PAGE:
Name: 
Matthew Issac 
Email: 
matthewissac (at) rutgers (dot) edu 
Home Institution: 
Rutgers University  New Brunswick 
Project: 
Algebraic Invariants of Pretzel Knots 
About My Project
Heegaard Floer Homology allows us to associate a knot to a doubly filtered chain complex. Maps between such complexes are called chain maps. We are interested in an involutive chain map, iota_k, and its computation for pretzel knots P(2,m,n) with m and n odd. This map has been computed for a torus knots and we hope our computation will help provide more examples.
Research Log
Week 1
I was given a brief introduction to knot theory, knot invariants, and some basic homological algebra. Some basic knot invariants I learned about are: three colorability, Alexander polynomial, and Heegaard Floer Homology. I was given a crash course in computing homologies and had plenty of examples to practice with. Moreover, I learned how the Euler Characteristic generalized to bigraded homologies and how this information encompasses the Alexander polynomial. Finally, I capped the week off by looking into an introductory paper to Heegaard Floer Homology.
Week 2
We were introduced to filtered chain complexes and chain maps. Later on, we saw the Sarkar Involution an involutive, filtered, chain map. This is a crucial piece of data for iota_k, since iota_k^2 is chain homotopic to the Sarkar involution. We also worked through an example of a computation of iota_k for the figure 8 knot.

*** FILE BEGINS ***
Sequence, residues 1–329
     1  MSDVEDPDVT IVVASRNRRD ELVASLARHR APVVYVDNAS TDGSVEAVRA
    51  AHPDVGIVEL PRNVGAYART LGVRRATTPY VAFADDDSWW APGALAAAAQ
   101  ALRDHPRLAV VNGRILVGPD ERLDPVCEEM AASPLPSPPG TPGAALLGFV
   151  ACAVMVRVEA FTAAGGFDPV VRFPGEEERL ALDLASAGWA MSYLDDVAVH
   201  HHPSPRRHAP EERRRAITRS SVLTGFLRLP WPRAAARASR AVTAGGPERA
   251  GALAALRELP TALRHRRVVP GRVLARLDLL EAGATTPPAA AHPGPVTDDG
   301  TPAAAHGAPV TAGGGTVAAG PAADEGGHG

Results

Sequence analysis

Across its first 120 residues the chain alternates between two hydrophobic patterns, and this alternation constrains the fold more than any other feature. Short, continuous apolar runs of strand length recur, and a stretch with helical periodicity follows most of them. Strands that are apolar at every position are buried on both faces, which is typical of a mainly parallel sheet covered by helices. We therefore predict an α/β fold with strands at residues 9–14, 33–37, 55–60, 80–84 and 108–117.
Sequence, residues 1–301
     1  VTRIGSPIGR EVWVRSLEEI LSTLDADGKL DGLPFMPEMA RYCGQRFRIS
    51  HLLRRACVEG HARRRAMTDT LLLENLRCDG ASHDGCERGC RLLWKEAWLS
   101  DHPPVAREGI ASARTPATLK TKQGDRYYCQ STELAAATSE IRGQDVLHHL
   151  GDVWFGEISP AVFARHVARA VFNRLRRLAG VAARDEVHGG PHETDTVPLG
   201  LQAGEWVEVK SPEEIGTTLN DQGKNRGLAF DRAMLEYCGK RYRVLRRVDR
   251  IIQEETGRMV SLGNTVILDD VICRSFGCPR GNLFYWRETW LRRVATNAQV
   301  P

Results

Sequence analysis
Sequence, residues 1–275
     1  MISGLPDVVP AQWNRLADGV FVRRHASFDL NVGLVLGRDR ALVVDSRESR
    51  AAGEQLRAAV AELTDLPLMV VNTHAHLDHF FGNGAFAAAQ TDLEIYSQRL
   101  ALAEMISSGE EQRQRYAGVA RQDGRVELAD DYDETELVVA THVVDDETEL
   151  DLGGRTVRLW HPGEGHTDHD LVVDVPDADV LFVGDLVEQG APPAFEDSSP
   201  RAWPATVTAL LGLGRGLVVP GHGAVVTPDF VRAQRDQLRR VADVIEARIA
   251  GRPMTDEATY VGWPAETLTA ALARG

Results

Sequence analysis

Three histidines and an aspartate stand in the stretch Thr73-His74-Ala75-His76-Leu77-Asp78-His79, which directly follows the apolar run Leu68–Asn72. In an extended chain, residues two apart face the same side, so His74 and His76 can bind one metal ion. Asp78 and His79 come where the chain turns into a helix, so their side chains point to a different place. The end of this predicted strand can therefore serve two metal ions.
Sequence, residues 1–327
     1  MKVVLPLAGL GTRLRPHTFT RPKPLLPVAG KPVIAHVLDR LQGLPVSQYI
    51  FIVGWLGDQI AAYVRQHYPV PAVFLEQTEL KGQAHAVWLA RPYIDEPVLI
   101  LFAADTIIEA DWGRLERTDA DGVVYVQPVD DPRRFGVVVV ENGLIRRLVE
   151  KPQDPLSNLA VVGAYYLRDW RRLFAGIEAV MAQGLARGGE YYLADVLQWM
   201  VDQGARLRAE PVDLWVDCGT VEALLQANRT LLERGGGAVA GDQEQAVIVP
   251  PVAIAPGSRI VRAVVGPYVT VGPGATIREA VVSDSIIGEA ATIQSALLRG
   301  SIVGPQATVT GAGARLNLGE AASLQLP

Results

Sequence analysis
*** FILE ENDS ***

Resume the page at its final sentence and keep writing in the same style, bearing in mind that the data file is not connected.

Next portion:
Week 3
We saw the technical side of CFK^∞, the chain complex we have been working with. We also saw how the generators of this complex come from intersection points on Heegaard diagrams.
Week 4
We have started to read Knot Floer Homology of (1,1)knots by Goda, Matsuda, and Morifuji. They have already computed CFK^∞ for P(2,m,n) with m and n odd. We started to understand their notation and worked out what CFK^∞ is for P(2,5,5) and worked out iota_k for this knot.
Week 5
I began working on a calculator which would accept integers n and m and compute the shape of the complex. There were initally many bugs but I eventually ironed it out and we can now compute more examples.
Week 6
I have begun thinking about a change of basis to do to the complex and how to create a box and staircase pattern.
Week 7
I am beginning to understand how the indices relate to one another, in particular I found certain conditions on when two generators lie in the same filtration level.
Week 8
We have begun discussing the main theorem, in addition to new invariants. We have drafted this and are now preparing our final presentation.
Week 9
Finished our presentation but still more work to be done. We still need to prove main theorem and finish the final change of basis.
References & Links
Epilogue
After the program finished, we proved our main theorem. All that remains is the paper, which is currently being written.
Here are the papers I have read for my project:

Knot Floer homology of (1,1)knots.
,
Goda, Matsuda, and Morifuji  ..

An introduction to Heegaard Floer homology
,
Ozsvath and Szabo  Retrieved from here..
Here is my mentor's websites, and the REU website:
 My Mentor's Website
 The REU Website
HTML 4 font rendering:
∂y/∂t = ∂y/∂x √2 =1.414
If f(t)= ∫_{t} ^{1} dx/x then
f(t) → ∞ as t → 0. This really means:
(∀ε ∈ℝ, ε>0) (∃δ>0)
f(δ) > 1/ε .
ℕ (natural numbers), ℤ (integers), ℚ (rationals),
ℝ (reals), ℂ (complexes)